With Dylann Roof's federal death penalty trial nearing an end, a judge on Thursday indefinitely delayed a state proceeding that was scheduled for later this month.
State authorities were the first to charge Roof, 22, in the June 17, 2015, racially motivated attack that killed nine black worshipers at Emanuel AME Church in Charleston. But with that murder case moving toward trial last year, federal prosecutors decided to also pursue the death penalty, and a judge set an earlier date for the hate crimes trial in U.S. District Court.
It was the first time both state and federal prosecutors simultaneously pursued a defendant's execution.
Roof is now representing himself in the penalty phase of his federal trial. His state case was to be heard Jan. 17, but Circuit Judge J.C. Nicholson signed paperwork delaying it "until further order of this court."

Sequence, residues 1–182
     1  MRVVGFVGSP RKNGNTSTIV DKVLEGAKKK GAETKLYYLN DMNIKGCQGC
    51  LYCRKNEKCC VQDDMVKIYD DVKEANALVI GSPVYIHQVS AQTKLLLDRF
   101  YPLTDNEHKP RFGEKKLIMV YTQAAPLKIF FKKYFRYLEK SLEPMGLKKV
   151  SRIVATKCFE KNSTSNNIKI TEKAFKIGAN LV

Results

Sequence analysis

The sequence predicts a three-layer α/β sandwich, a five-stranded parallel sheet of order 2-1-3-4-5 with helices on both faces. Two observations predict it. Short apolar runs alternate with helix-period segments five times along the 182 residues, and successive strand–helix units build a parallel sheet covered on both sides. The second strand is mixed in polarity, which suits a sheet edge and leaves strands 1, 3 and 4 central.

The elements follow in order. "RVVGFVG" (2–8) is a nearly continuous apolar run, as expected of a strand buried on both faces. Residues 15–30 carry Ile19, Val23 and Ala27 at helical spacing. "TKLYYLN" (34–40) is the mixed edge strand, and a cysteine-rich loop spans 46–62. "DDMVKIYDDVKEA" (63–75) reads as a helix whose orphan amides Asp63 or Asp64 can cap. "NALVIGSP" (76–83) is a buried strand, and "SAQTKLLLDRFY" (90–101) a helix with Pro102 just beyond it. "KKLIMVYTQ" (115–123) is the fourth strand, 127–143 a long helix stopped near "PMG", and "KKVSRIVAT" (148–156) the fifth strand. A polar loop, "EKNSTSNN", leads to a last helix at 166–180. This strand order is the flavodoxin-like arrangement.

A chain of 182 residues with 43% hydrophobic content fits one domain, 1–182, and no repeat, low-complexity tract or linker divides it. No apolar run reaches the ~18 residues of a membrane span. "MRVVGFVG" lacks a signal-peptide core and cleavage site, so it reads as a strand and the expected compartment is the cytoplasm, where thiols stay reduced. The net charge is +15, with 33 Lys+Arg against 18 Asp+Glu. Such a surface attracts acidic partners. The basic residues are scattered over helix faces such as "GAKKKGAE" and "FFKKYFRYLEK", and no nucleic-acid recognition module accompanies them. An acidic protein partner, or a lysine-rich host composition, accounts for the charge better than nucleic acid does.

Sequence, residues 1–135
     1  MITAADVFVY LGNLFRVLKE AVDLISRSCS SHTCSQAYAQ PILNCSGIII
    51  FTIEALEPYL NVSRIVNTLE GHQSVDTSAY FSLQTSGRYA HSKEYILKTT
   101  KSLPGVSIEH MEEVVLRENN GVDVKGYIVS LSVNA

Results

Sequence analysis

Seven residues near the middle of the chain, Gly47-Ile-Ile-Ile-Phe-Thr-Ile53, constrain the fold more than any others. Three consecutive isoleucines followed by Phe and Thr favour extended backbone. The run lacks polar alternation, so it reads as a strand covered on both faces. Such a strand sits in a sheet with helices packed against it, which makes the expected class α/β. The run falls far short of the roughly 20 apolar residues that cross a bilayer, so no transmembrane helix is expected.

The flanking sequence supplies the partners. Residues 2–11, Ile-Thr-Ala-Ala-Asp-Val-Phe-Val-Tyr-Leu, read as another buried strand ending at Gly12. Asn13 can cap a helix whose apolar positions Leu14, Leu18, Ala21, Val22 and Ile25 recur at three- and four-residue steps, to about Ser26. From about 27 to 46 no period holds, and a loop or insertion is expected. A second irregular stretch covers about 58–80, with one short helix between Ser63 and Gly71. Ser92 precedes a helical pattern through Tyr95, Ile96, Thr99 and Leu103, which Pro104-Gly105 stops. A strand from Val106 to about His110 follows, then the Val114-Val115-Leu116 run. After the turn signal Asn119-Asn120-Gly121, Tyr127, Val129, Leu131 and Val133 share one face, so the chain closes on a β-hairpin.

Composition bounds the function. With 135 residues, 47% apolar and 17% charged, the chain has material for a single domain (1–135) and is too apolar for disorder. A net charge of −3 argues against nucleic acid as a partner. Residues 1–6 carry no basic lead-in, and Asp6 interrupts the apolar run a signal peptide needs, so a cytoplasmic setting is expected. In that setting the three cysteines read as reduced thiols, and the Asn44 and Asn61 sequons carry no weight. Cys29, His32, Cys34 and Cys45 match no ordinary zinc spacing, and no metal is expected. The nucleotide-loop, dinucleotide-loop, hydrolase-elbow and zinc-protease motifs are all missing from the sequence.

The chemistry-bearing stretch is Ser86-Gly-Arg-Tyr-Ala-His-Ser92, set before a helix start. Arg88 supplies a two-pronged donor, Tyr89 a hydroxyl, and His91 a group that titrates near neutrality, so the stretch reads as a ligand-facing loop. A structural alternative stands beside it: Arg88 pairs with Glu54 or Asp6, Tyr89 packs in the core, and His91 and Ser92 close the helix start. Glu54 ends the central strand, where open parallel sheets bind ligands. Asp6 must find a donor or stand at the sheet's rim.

Nicholson noted in the filing the ongoing federal trial.
Ninth Circuit Solicitor Scarlett Wilson is leading the state's prosecution of Roof on nine counts of murder, three of attempted murder and a firearms charge.
She lamented the federal trial's earlier date when it was set last year. At one point, she pointed out the federal government's track record for actually carrying out executions and said the federal proceeding would have "little or no relevance to the defendant’s ultimate fate."
But it remains unclear how she will proceed with the prosecution after a jury decides Roof's sentence on his 33 federal convictions.
"We have been closely monitoring and in constant consultation with the federal prosecutors who have done an outstanding job," she said Thursday. "Our plans have not changed, but we will continue to re-evaluate as the circumstances dictate."